Forge of Destiny-Threads 309 Traditions 3
Ling Qi let out a breath as a few more small pleasantries were shared, and the White Sky left, along with Wang Lian. Jin Tae said his goodbyes, managing to never once drop his smile, as if she’d not irritated the ministry at all.
It left her and Xia Lin with the general still standing there, stock still. She waited another beat, not wishing to leave first, but that blank mask of a helm remained fixed on some point in the distance.
Finally, Ling Qi nodded to Xia Lin, and they turned to go.
“Baroness. I will speak with you.”
Ling Qi stopped, exchanged a mildly alarmed look with Xia Lin, who glanced over her shoulder at the unmoving general, and then gave her a helpless shrug. Ling Qi hid her grimace with a cough and turned back around. “Of course, General. What can I help you with?”
The metal figure standing by the table was wholly unmoving, save for the faint motion of fingers brushing the hilt of her sheathed blade. “My information on you was incomplete.”
Ling Qi was not entirely sure how to respond.
“Your methods are wrong. Foolish. You lean on rotten scraps and broken foundations,” the general criticized. “The dead build nothing.”
“I must respectfully disagree,” Ling Qi said very carefully. “You can build new from old.”
“And that is why I say my information was incomplete. Your methods are wrong. Your goals are correct.”
Ling Qi blinked, taken back.
That faceless helm turned toward her with only the faint creak of oiled metal, but Ling Qi felt the heat on her face, as if she stood before a roaring forge fire. She felt her eyes water and her nose and lips go dry as the general really looked at her.
“Do not do things for dead men. They cannot appreciate it. Building is for the living and those yet to come. Do not allow sentimental attachment to worthless minutiae and dead men’s words to bind your efforts. Perhaps you have found a worthy use for these materials, this salvage of yours. We will see.”
Ling Qi blinked, not just because of the words spoken, but the echo of something else, something old that burned a stray tongue of flame in her thoughts.
“Pride, traditions, history, faith! Is that all you can say, you miserable old man? What has any of it bought us but humiliation, defeat, and disdain?!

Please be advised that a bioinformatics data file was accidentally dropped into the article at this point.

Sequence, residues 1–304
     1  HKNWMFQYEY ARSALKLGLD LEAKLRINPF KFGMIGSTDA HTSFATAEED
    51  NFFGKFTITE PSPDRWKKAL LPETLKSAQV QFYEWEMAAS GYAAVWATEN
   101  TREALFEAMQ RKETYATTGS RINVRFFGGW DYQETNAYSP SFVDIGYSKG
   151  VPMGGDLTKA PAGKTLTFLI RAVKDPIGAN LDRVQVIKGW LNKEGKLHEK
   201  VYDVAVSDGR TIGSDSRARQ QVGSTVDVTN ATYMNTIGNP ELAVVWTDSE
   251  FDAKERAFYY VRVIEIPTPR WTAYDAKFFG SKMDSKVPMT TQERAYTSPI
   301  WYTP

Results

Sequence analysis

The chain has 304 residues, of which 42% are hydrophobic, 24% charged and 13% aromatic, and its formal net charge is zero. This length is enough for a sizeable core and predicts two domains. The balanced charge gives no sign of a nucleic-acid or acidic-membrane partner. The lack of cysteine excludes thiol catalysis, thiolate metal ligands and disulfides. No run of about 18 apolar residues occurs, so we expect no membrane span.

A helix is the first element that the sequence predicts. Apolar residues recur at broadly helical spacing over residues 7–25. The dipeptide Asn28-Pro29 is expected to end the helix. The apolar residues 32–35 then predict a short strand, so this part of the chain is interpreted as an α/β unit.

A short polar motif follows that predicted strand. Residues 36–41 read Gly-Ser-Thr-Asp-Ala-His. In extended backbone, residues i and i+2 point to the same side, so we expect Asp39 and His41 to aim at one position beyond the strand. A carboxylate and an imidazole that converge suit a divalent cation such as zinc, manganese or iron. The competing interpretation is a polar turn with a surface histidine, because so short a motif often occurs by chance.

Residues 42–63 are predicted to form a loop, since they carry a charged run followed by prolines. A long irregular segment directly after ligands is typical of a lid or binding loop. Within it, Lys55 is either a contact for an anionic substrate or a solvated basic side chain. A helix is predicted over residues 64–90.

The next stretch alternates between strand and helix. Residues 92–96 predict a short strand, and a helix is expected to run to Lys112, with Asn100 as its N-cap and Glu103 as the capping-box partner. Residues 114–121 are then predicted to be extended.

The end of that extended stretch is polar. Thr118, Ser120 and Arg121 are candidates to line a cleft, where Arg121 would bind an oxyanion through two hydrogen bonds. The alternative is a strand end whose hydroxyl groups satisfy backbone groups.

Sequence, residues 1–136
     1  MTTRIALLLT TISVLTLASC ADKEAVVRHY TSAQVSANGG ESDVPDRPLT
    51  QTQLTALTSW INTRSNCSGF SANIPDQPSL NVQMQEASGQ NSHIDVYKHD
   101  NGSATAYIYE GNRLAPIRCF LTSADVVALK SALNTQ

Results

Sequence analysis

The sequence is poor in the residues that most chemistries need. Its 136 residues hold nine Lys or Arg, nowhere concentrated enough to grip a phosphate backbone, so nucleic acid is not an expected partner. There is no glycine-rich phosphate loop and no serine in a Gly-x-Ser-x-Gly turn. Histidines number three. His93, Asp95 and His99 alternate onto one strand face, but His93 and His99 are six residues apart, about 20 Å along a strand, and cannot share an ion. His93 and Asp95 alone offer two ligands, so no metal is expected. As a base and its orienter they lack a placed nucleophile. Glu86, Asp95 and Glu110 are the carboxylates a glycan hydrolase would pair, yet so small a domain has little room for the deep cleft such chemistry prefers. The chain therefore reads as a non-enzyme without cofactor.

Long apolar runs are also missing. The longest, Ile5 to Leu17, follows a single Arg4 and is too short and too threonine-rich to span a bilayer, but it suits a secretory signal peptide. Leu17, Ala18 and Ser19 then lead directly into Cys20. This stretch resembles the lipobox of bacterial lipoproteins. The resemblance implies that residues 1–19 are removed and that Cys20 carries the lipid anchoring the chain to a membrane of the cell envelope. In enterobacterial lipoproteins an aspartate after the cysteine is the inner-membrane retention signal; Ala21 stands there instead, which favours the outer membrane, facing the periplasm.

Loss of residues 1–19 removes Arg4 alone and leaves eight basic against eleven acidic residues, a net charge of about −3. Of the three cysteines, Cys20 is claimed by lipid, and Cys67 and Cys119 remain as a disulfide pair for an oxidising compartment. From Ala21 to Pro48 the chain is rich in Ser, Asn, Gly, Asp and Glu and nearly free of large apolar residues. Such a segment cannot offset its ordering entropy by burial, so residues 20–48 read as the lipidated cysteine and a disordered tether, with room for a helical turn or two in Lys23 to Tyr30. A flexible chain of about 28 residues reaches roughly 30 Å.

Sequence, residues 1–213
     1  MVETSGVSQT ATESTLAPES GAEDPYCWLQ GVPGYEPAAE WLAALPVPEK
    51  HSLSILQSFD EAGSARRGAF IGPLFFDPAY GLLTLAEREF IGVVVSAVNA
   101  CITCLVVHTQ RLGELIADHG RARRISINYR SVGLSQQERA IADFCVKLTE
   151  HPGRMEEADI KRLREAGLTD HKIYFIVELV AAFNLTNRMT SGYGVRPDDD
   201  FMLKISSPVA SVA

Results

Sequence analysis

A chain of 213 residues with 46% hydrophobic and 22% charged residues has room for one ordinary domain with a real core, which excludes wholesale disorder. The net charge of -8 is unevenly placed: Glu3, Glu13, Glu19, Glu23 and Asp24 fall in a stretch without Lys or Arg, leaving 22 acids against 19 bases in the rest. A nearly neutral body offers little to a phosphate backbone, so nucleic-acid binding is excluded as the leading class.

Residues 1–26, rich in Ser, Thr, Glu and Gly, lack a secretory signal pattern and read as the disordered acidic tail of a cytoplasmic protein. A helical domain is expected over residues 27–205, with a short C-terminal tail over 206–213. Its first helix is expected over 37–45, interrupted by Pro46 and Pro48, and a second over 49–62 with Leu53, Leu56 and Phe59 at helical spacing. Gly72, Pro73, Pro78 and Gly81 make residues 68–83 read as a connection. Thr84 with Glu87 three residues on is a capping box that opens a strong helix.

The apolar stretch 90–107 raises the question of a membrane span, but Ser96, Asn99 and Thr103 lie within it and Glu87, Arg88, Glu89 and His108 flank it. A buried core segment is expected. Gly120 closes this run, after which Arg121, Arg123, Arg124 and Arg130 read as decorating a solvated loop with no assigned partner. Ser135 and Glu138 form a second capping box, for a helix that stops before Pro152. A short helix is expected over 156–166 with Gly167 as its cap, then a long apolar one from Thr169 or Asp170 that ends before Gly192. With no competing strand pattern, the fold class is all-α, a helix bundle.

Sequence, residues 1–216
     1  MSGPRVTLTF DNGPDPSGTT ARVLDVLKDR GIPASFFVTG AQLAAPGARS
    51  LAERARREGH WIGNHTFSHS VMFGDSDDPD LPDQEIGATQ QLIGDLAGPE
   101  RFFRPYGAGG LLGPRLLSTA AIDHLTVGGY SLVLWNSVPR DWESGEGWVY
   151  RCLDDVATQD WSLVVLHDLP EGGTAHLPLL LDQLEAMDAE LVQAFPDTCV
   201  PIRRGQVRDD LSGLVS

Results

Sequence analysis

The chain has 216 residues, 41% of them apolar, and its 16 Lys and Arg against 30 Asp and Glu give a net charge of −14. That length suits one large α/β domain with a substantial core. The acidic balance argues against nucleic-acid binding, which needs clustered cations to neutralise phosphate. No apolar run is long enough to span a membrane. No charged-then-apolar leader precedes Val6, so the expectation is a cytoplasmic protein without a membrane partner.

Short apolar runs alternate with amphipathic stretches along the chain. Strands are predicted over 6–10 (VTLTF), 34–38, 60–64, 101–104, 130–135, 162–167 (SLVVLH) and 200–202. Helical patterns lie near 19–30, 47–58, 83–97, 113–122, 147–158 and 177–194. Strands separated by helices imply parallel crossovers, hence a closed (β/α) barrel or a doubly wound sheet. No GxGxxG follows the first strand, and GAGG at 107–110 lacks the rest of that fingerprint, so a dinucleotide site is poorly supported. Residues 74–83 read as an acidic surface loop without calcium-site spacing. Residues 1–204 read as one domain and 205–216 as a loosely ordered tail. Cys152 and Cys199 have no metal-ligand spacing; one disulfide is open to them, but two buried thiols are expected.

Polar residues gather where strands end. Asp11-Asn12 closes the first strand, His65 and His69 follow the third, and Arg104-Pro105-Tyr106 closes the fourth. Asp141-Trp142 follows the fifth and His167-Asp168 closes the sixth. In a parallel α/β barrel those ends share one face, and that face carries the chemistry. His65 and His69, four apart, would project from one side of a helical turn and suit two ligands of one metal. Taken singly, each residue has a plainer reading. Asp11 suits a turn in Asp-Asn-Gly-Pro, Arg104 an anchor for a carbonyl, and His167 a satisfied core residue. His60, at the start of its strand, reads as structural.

The sound of a fist striking flesh. A young woman’s snarl of pain. Blood spat on the ground.
“We cannot answer even the most blatant insults. Your precious traditions can defend none of us from any abuse. You, half in the ground, chain us to graves even older, longing for a past you’ve never seen, and would strangle any who try to break them. Fine, then! Strike to kill the next time, grandfather, or when I return, I will burn those graves, and sever those chains, all.”
It was a bare moment, leaving her blinking. Her eyes flicked up to the general’s face plate. That… had been the general, younger, angrier, but still…
“I will take your words to heart. Whatever you think of my methods, my eyes look forward.”
“Many who use your methods have believed that,” the General said, finally looking away. “Dismissed.”
The air screamed and split vertically, severed air a pale electric blue, and the general turned, her silhouette narrowing until it was only a single gleaming edge, and then, she was gone.
“What was that?”
“I think my aunt has adjusted her opinion. Slightly.” Xia Lin sounded shocked.
“No—” Ling Qi started to deny and clarify that she meant those strange echoes, but Xia Lin hadn’t heard them, had she? Ling Qi looked down at her hand, flexing the fingers, studying the qi flow beneath her skin.
The word reverberated in her spirit. Had that strange moment come from what she had developed in the nightmare tribulation?
She wished she could ask Sixiang, but she supposed they probably wouldn’t know either.
“I’m sorry. I was lost in thought.”
“You handled leading that meeting well. A moment of introspection is not untoward.”
“I suppose it isn’t. I apologize for saddling you with a difficult duty without notice.”